We constantly hear about the importance of “accountability,” meaning that organizations and individuals have to be held accountable for misconduct or failures to act. The focus on accountability is a positive trend, consistent with our ideas of justice and fairness, Within an organization, accountability is a cornerstone of organizational justice.
When demands for accountability reach the board room and individual board members, however, there are significant obstacles to board accountability. At the root of this absence of accountability is a legal doctrine, commonly referred to as the Caremark standard governing individual board member liability for corporate malfeasance. Notwithstanding the supposed high bar established by a corporate board member’s fiduciary duties, the Caremark standard provides an excessive amount of protection against board member liability.
The Caremark standard requires directors to ensure in good faith that companies maintain a compliance program and reporting system to deter and detect corporate misconduct. As part of this obligation, board members have to exercise some effort to monitor the program to make sure it is working.
Board member personal liability is limited to those circumstances when a board member fails to make a good faith effort to oversee the company’s operations. These claims are “among the most difficult of corporate claims” to sustain because a required element is a showing of “bad faith.” In other words, only a “sustained or systematic failure of the board to exercise oversight — such as an utter failure to attempt to assure a reasonable information and reporting system exists will establish a lack of good faith.
For years, board members have escaped personal liability behind this high burden. Yet, we have seen some movement toward accountability in the last decade with Delaware Court decisions stemming from the Boeing 737 MAX safety debacle, the Blue Bell ice cream listeria outbreak, and a case involving clinical drug trial misconduct and fraud. But these cases — which have chipped away at the Delaware Court’s “protective” standard — have occurred only in especially damning facts where serious safety and life or death concerns may have arisen.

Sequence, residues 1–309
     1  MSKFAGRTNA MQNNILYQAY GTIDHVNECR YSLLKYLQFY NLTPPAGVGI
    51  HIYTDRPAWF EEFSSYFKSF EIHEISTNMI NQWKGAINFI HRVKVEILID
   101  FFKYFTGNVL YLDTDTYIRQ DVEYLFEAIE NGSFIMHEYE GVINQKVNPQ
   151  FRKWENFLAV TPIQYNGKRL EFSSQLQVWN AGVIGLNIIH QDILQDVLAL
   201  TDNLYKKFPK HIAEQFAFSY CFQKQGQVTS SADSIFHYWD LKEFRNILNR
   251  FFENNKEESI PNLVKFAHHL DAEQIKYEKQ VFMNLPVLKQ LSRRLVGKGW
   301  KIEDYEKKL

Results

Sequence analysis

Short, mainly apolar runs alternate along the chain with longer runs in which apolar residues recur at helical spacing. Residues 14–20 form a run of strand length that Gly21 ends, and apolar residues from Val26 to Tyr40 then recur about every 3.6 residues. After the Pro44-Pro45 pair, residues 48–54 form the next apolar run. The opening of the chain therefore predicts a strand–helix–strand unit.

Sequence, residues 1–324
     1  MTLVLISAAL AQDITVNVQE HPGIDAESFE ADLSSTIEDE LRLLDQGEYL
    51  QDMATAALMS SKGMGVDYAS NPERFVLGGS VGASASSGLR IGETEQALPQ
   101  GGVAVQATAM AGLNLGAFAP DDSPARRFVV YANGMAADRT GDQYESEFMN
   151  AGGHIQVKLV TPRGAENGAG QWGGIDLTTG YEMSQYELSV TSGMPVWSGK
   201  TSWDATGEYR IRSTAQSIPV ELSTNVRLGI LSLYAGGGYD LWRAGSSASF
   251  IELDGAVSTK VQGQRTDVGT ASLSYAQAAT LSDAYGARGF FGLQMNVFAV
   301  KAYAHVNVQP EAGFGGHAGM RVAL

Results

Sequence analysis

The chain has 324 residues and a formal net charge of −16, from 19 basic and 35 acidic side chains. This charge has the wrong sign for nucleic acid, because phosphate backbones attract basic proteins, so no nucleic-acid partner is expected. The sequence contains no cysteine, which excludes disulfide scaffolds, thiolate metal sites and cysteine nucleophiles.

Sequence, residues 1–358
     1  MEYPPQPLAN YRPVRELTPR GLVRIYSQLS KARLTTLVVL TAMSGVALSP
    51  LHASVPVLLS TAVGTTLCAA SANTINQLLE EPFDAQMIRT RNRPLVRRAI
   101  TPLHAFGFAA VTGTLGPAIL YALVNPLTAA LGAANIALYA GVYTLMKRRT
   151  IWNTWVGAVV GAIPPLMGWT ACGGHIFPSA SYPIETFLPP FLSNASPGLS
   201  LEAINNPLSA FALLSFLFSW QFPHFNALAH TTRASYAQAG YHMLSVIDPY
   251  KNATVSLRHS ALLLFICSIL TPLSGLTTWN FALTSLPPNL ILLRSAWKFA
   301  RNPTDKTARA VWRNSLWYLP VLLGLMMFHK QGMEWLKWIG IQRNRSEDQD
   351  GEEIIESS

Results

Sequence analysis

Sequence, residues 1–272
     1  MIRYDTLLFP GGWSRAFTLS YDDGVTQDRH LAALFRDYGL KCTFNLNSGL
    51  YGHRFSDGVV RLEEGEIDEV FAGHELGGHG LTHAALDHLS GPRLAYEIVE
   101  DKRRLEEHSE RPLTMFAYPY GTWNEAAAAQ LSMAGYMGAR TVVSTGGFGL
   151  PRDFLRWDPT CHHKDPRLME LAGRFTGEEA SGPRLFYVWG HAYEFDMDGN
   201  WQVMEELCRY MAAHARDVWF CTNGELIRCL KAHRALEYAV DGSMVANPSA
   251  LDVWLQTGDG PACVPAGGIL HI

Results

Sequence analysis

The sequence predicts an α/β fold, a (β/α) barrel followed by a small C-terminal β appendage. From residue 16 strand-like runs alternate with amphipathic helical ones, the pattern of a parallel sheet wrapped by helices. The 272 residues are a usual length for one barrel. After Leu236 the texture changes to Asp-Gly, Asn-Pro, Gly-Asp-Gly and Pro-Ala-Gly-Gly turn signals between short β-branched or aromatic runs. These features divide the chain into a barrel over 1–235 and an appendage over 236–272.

Until the Delaware Courts (or legislative) adopt a more meaningful standard, individual board members will in almost every case escape accountability. This continuing protection surrounding the corporate board room cannot continue in response to social, investor, government and public demands for improved corporate governance performance.
The Environmental Social and Governance (“ESG”) movement is one of several reasons for a new approach. We all know that corporate stakeholders are demanding improvements in corporate performance and overall governance. Corporate board rooms are in the midst of a significant transformation — diversity, equity and inclusion includes the corporate board. Governance improves with diversity of viewpoint and membership. At the same time, once constituted, the new set of corporate boards have to exercise their fiduciary duties in a manner that is reasonable and commensurate with their qualifications and responsibilities.
The standard of “utter failure” or “bad faith” is not necessary to ensure that individual board members apply themselves to ensure that an effective ethics and compliance program is implemented and that the board monitors the performance of the compliance program.
Corporate boards should be held accountable based on a higher standard of performance. The list of corporate board malfeasance of failures to supervise is long and matches the ever-growing list of corporate scandals. Individual board members exercise great responsibilities and with that responsibility comes accountability. In today’s fast-changing world of corporate governance, surely board members, when they accept a position on a board, should embrace their responsibilities with a standard of care that is above that of “utter failure” or “bad faith.” Indeed, like any other fiduciary duty, individual board members should be held accountable for exercising due diligence and prudence to ensure that corporate ethics and compliance program has been implemented and is operating effectively.